It's just so darned tempting, isn't it?
It isn't so much the depleted state of their lineup, nor is it the basis of a one-game smackdown, courtesy of Curt Schilling. The temptation to bury the Yankees, even as early as May, comes forth from a prevailing idea that this was a long time coming, that this is a team that would have been in a freefall a year ago had it not struck gold with Aaron Small and Shawn Chacon.
As it stands now, your Boston Red Sox are 4-1 head-to-head this season against their chief rivals in the American League East. Aside from Keith Foulke's ninth-inning meltdown, last night's 9-5 win over New York was thoroughly convincing, and created a 2 1/2 game lead over the Yankees, three over Toronto. Not that we count numbers in the standings until well after school's out, but sure, we glance here and there.
You get the sense that the Yankees have lost a bit of the swagger they normally employ, mostly based on the fact they've lost some key ingredients. Sure, the lineup will be even more dangerous once Gary Sheffield is back and the bullpen appears to be as good as ever -- as long as Joe Torre doesn't find himself overworking it to the state he did in 2004, which he may be forced to do considering his starting staff. After all, what good is getting back Red Sox killer Sheffield when he's counteracted by Jaret Wright on the mound, a pitcher the Red Sox own.
Sheffield, who should return to the lineup tonight after a rehab stint with Trenton last evening, hit .393 against the Red Sox last season with five home runs and 16 runs batted in. So, while the Red Sox won't exactly be sending any bouquets to welcome him back, they might send Wright a little something as a token for all he's given them over the years. Wright finally won his first career game against the Red Sox last season, but is just 1-4 with a 7.30 ERA lifetime against them. At Fenway Park, his career ERA is 5.92.
Oh, it gets better: Randy Johnson goes in the series finale on Thursday. Sorry, I meant better for the Red Sox. Did you ever think you'd see the day when Matt Clement looked to be a better bet against the Big Unit?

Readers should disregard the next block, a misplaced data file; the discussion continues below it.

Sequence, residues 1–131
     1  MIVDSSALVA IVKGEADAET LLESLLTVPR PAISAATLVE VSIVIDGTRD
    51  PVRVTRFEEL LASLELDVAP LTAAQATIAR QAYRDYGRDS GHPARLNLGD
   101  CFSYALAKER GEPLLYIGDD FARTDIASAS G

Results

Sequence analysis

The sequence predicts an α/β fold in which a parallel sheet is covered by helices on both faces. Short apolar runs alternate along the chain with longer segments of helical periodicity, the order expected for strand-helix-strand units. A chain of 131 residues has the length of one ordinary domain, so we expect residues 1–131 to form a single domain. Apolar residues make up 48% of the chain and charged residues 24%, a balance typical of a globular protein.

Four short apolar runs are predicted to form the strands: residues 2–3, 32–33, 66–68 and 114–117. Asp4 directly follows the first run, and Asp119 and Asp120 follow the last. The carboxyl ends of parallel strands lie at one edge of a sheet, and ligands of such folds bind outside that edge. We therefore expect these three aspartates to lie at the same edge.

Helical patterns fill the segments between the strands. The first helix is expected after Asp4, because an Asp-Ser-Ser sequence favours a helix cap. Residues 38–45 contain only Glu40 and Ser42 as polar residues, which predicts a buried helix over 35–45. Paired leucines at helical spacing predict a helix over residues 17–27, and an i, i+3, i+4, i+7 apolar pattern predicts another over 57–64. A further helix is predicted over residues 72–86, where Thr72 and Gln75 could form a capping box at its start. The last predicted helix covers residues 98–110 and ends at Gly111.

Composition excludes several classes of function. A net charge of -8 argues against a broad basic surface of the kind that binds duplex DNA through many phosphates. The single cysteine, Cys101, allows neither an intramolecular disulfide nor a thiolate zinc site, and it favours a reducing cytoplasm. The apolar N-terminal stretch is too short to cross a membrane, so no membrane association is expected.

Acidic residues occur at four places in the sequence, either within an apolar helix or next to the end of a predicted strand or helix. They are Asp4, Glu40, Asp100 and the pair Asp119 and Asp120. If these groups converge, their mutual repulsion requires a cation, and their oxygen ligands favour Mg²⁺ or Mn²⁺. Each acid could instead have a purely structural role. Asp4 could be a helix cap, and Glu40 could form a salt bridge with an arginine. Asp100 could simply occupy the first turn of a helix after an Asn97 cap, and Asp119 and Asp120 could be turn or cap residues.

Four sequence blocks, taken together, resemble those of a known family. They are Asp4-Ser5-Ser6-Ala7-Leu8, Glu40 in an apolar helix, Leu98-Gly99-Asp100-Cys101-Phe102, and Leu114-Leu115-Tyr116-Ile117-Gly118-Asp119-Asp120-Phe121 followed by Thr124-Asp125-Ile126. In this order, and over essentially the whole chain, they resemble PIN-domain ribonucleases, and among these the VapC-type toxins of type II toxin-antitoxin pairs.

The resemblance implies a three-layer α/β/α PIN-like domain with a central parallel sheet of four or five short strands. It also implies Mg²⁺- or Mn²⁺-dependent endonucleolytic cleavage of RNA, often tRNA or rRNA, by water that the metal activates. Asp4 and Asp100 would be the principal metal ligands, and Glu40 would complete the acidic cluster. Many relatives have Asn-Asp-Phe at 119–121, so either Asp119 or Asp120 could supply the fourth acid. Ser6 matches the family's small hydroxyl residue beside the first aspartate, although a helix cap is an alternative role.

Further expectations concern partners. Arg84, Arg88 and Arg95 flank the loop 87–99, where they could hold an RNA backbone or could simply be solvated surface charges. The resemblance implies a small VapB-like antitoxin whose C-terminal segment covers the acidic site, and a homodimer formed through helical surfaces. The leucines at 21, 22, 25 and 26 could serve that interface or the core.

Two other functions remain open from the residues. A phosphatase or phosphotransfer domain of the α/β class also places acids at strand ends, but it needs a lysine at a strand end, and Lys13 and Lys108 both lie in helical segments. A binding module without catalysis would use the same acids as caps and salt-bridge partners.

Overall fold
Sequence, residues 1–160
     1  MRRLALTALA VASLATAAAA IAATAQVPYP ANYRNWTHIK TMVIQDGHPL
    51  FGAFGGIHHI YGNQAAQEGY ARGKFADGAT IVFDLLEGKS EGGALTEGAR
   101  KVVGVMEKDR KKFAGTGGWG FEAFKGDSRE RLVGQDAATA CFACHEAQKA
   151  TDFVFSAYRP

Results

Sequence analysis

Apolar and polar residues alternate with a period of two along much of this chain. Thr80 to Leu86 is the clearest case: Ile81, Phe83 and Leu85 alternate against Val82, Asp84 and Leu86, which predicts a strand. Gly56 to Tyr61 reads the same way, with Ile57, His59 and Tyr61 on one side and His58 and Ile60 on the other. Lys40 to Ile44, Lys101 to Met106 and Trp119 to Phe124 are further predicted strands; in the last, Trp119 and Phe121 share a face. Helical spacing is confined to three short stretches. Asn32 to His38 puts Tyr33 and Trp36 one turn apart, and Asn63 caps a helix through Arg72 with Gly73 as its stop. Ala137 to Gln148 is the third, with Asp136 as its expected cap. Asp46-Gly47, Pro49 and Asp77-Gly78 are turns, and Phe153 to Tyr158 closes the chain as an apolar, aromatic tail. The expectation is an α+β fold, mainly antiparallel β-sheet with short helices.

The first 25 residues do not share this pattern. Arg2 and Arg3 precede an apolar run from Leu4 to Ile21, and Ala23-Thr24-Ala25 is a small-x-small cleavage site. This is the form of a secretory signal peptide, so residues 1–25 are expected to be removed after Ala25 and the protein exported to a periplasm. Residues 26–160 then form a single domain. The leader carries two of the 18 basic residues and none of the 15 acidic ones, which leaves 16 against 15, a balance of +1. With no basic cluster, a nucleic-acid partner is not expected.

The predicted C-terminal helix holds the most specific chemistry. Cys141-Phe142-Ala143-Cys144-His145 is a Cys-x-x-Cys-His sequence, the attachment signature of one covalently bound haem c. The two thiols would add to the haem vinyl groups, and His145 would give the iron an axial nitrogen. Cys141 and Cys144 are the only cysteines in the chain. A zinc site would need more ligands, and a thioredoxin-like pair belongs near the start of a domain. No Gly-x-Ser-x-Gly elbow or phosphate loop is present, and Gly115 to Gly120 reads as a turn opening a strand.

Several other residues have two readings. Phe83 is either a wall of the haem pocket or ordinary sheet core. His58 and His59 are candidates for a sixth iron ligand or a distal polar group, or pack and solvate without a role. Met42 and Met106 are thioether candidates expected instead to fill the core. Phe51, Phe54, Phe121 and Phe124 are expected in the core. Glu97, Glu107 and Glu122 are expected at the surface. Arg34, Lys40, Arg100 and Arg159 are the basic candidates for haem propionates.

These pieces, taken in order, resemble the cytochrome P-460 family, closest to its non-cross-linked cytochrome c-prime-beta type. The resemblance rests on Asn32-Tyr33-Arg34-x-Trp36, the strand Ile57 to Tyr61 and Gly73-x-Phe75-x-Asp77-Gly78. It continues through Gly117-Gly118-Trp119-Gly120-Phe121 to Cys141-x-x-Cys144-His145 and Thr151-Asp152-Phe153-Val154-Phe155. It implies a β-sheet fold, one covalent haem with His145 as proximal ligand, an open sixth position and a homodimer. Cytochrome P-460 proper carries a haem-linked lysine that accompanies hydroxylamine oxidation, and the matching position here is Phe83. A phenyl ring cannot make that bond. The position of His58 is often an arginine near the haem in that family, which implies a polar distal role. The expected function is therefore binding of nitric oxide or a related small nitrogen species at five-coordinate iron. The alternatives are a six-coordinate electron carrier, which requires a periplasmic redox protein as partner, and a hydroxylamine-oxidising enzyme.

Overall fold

These are your $200 million Yankees. Inevitably, they will be a different $200 million-plus Yankee club sometime soon.
Fixes are inevitable, but their needs are multiplying like Mogwais all the time. Someone will likely be needed to replace Shawn Chacon long-term in the rotation after he had a hematoma drained on his left leg yesterday. They may need someone to replace Hideki Matsui long-term and frankly, Terrance Long probably isn't the answer (especially after watching him play left field with an uncertainty usually reserved for the 12-and-under crowd). Carl Pavano isn't likely to be back, or show up for that matter, and Johnson has deteriorated about as quickly as we all remember watching fellow lefty Alan Embree last season.
I mean, just for comparison: Schilling, Josh Beckett, Tim Wakefield, Clement, and David Wells.
Compare that to Mike Mussina, Randy Johnson, Jaret Wright, Chien Ming Wang, and Small.
It's like one of those SAT questions so easy you risk getting it wrong because you feel like you're being tricked. Wang hasn't been bad, but he did allow seven earned runs last night for his second loss of the season. Mussina has been phenomenal, but the Sox are blessed this time with missing him in the rotation. Whatever magic spell the 2005 10-0 Small had upon him has obviously worn off (0-2, 8.59 ERA).
So, we hesitate to bury them, armed with the knowledge that George Steinbrenner will pay to fix things. But where does he start? And what is it going to cost this time? I don't care how good any scouting department is, there is no way they could possibly have seen 10-0 potential in Small a year ago. If the Yankees don't get that little gift from heaven, they don't win the AL East (or tie for it, whichever).
Meanwhile, the Red Sox continue to motor along, despite having to send Lenny DiNardo out there every week or so, and not having their leadoff hitter since the first weekend of the season. They're 12-5 so far this month and through 42 games are just off pace to win 100. Only Detroit and Chicago have better marks in the AL, and they are 18-10 against their brethren from the AL East. New York, meanwhile, is just 10-8.
They get Wright and Johnson the next two nights, then the Devil Rays for four. At Fenway. Where they are 12-6 on the year.
Not that there aren't concerns in Boston, I know. Beckett's blisters could pop up at any moment. Schilling could morph back into the guy who struggled after a 133-pitch outing, Mike Timlin might be overworked, and Wells could look about as bad as many expect him to Friday night. Alex Gonzalez still can't hit his weight, Jason Varitek's decline is getting concerning, and no, I have not seen that catch Coco made, thank you very much.
But when you put these teams side-by-side, there's just no comparison. Despite all the bats in its Murders' Row lineup, the Yankees are an inferior team to the more balanced Red Sox, who possess better all-around starting pitching and provide a more fluid bridge to its less talented bullpen.
Right now. And in Steinbrenner's world, right now means by the hour. It will be different tonight.
And you'd darned better well believe it will be recalibrated by August.